Cotton also asked if Garland had begun an investigation into the harassment Sen. Kyrsten Sinema faced in a bathroom at Arizona State University over her reluctance to pass President Joe Biden’s “Build Back Better” plan.

“Even though parents at school boards aren’t within federal jurisdiction, there’s no doubt that federal officials are. You keep saying senators. Have you started an investigation into the harassment of Senator Kyrsten Sinema in a bathroom? In a bathroom, because she won’t go along with the Democratic Party’s big tax-and-spend agenda? That is a sitting United States Senator being harassed in a bathroom,” Cotton said.

“I don’t know whether the Senator has referred the matter to the Justice Department or not,” Garland said.

3. Sen. Josh Hawley Grills Garland Before Calling For His Resignation

Sen. Josh Hawley also called on Garland to resign but not before grilling him on the various actions state attorneys have taken to target parents following the attorney general’s memo legitimizing the NSBA’s concerns, even though most of the examples listed did not escalate to even yielding arrests or charges at the local level.

“I’ve never seen that memo,” Garland said, referring to a letter Hawley held up from the U.S. attorney for Montana listing 13 federal crimes for which parents could be prosecuted.

“That’s what concerns me, [Attorney] General Garland,” Hawley said.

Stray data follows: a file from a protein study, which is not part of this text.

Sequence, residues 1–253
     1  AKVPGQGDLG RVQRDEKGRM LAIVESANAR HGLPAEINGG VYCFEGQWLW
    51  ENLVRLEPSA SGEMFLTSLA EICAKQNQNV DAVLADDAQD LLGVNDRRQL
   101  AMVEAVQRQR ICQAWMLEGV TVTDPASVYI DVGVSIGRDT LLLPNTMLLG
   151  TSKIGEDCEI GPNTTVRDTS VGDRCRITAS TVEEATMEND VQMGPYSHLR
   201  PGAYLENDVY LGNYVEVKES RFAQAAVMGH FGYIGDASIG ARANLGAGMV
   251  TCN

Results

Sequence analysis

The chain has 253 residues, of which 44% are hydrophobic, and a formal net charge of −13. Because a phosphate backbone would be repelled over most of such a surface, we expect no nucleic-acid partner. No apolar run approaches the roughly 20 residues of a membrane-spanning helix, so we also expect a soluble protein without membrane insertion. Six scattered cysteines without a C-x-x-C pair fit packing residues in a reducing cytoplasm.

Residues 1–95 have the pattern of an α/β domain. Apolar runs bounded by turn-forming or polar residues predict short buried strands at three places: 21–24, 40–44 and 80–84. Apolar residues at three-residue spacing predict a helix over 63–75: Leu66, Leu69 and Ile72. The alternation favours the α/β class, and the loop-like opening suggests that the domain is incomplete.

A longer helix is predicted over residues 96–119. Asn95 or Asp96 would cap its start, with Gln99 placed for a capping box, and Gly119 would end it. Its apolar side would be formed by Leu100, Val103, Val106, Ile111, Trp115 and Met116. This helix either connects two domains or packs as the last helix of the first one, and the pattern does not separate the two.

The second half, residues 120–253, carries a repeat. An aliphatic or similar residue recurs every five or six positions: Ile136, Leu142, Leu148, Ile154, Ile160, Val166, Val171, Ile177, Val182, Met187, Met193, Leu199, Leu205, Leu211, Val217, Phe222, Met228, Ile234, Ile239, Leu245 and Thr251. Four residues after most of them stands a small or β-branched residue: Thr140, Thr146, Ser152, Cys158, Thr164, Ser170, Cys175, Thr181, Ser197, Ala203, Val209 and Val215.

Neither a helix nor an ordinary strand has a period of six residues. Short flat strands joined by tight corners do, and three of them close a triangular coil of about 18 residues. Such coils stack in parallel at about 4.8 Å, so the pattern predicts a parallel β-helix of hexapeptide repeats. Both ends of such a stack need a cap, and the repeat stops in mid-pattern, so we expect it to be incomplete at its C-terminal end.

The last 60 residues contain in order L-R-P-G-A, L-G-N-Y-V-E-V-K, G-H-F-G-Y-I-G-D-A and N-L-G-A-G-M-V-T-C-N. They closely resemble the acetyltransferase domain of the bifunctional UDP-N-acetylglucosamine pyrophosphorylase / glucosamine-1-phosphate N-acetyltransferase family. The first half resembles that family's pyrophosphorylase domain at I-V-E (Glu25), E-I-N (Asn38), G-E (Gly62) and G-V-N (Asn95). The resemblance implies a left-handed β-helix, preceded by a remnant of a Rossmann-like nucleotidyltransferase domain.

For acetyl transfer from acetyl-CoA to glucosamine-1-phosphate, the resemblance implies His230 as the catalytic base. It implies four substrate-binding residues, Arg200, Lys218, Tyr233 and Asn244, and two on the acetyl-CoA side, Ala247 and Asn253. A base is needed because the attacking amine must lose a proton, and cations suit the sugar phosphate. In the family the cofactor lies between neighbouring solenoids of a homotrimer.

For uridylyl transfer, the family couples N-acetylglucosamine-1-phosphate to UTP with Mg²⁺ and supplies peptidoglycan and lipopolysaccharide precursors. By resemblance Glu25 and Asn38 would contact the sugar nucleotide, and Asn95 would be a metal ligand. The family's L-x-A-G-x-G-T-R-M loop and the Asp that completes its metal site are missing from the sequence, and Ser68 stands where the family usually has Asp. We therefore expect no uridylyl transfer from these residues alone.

“Well, it wasn’t sent to me. I hope you will assure your constituents that what we are concerned about here is violence and threats of violence,” Garland continued.

“All I can conclude from this is either that you’re not in control of your own department or that more likely what I think to be the case is that you knew full well that this is exactly the kind of thing that would happen. When you issued your memo, when you involve the Department of Justice and all of its resources, and the FBI and all of its resources, and local school boards and local school districts, you knew that federal prosecutors would start collecting crimes that they could use against parents. You knew they would advise state and local officials that these are all the ways parents might be prosecuted. You knew that that was the likely outcome. And that’s exactly what’s happened,” Hawley said.

Hawley also accused Garland of having “weaponized the FBI and the DOJ” to accomplish political goals.

“It’s wrong, it is unprecedented to my knowledge in the history of this country, and I call on you to resign,” Hawley concluded.

4. Sen. Ted Cruz Pressures Garland To Answer For Ties To CRT-Obsessed Education Firm

Sen. Ted Cruz pressured Garland to answer questions about his son-in-law Xan Tanner who founded Panorama Education, a firm that markets teaching materials “focused on systemic racism, oppression, white supremacy, and intersectionality, all under the rubric of ‘Social-Emotional Learning'” to educators funded by the government.

When Cruz asked Garland to clarify if he “sought an ethics opinion” on the matter, the attorney general refused to answer yes or no.